To avoid misleading information and treatment errors, I should be more conscious about handling documents in the future. I discussed this issue with my supervisor to understand how she manages to maintain her documents accurately. However, she listened to me carefully, appreciated my honesty, and taught me the importance of trust and evidence-based practice in nursing.

Gaining the patient’s trust was another topic of concern. Due to conflicting data, there could be a problem of trust between the patient and the nurses. Trust is the cornerstone of safe and successful care and part of patient-centred treatment and the ethical deontology concept (Birkhauer et al., 2017; NMC, 2018).

Besides, trust is also necessary to ensure healthy engagement between healthcare practitioners and patients, bringing positive outcomes (Brennan et al., 2013). What kind of confidence is required in nursing is worth noting (Dyer et al., 2016). Some claim that the patient’s trust and the positive outcome of the treatment/therapies depend on the confidence-sensitivity factor, such as a patient’s perception of nursing skills and treatment satisfaction (Reeves et al., 2017).

My supervisors instructed me to rewrite those documents again efficiently. She also advised me to stay calm, attentive while handling documents. She also gave me some time management and documents organising tips to avoid stress-free work. She also suggested cross-checking the documents before submitting them.

Being more productive and maintaining a professional image in front of the supervisor and the workplace is essential. Meditation is an effective technique to reduce and handle work stress and be attentive to the patients (Bostock et al., 2019). I incorporated meditation in my regular activities, and it not only helped me improve my mental health and boosted my ability to focus.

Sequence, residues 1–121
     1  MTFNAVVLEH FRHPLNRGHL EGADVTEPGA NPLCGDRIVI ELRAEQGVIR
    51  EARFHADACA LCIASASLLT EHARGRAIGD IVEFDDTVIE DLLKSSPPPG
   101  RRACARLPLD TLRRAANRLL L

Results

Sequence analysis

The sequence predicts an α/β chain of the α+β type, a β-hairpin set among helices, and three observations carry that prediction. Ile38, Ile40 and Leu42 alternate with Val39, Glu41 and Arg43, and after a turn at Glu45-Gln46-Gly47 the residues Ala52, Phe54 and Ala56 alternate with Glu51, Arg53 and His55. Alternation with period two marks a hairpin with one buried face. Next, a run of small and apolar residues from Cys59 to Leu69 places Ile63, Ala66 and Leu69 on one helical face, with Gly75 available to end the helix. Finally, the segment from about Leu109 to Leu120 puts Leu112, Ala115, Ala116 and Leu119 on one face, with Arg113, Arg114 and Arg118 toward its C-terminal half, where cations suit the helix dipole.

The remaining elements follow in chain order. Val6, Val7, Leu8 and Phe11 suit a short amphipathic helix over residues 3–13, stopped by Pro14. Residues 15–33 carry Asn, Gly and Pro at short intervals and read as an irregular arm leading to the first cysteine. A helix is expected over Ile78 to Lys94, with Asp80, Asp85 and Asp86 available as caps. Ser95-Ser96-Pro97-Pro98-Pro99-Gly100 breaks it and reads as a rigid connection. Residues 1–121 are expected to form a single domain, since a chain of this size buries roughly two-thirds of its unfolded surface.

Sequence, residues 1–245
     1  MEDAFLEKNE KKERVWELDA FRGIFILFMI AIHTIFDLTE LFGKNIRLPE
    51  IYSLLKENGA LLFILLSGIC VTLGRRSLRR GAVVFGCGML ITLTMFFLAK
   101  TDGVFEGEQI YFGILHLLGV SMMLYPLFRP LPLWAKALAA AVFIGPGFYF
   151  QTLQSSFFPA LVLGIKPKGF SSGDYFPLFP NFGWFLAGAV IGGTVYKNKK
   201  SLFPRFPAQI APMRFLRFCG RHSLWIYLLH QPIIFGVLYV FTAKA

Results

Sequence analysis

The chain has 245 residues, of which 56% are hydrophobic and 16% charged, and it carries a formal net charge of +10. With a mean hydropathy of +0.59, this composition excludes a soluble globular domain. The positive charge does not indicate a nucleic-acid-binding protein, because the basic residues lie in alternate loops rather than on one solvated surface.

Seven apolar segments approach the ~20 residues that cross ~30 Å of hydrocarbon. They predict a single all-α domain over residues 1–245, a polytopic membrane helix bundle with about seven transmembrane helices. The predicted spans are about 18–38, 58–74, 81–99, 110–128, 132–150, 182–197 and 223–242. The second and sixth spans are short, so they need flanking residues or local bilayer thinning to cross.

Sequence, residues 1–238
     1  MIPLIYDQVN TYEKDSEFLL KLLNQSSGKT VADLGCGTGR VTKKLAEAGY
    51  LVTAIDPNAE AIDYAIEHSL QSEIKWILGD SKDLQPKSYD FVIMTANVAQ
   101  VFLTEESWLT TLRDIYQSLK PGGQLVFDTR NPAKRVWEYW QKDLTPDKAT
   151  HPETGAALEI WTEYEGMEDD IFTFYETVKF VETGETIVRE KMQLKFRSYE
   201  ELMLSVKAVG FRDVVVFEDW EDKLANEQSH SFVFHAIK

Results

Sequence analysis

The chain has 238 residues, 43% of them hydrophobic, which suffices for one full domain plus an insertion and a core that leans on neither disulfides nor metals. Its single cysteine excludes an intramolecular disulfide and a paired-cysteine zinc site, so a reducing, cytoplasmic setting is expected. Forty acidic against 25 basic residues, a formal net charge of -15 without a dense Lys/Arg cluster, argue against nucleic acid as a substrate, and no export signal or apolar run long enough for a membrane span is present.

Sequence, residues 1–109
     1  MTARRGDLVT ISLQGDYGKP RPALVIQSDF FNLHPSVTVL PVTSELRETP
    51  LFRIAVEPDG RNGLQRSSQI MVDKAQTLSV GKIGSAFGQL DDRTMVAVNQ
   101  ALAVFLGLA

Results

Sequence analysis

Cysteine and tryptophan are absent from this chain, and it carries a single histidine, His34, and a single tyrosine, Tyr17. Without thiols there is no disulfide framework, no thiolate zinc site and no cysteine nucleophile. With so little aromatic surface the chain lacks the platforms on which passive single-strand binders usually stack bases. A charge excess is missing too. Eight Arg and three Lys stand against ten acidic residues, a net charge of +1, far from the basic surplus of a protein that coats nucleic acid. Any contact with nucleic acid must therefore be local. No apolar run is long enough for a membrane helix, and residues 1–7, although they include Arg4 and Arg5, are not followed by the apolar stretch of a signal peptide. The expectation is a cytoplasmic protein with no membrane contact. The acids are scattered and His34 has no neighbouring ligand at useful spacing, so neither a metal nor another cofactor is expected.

Being a health care service provider, the skill of attention to detail should be inherited so that every minute detail of my patients is entered into the system to avoid confusion.

Active listening and self-awareness are also important in nursing to ensure patient-centred care (Haley, B. et al., 2017). I gradually started to pay more attention to nursing’s ethical guidelines that keep me updated and motivated to improve my performance.

I realised that I was facing problems with time management managing. I also recalled that I often felt stressed while managing multiple documents. After this incident, I learned the importance of properly arranging documents and listening to instructions. Per my supervisor’s instructions, I made a work schedule and tried to complete daily tasks as per the specific timing of the task. It helped me manage work stress and helped me accomplish the task more actively and accurately. My positive attitude helps me to overcome this situation.

Minimizing Errors and Ensuring the Accuracy of the Documentation.

Per the principle of safe practice, inadequate reporting may directly affect patient care (Eveleigh, 2018). As reliable documents, help colleagues stay updated on the patient’s status and enable patient care and safety to be handled effectively (Andrew and St Aubyn, 2015). Duty of candour further stresses the integrity of health practitioners and their conscientious approach (Shoqirat et al., 2019).

If I would have entered my patient’s documentation first, then worked on my supervisor’s documents, the confusion and error could have easily been avoided. Prioritisation of work is also one strategy that ensures proper utilisation of time and delivers supervisors with qualitative and accurate work (Scp-health, 2016). Consequently, I learned to segregate my work according to the one that should be prioritised at the initial stage and then progress to the other.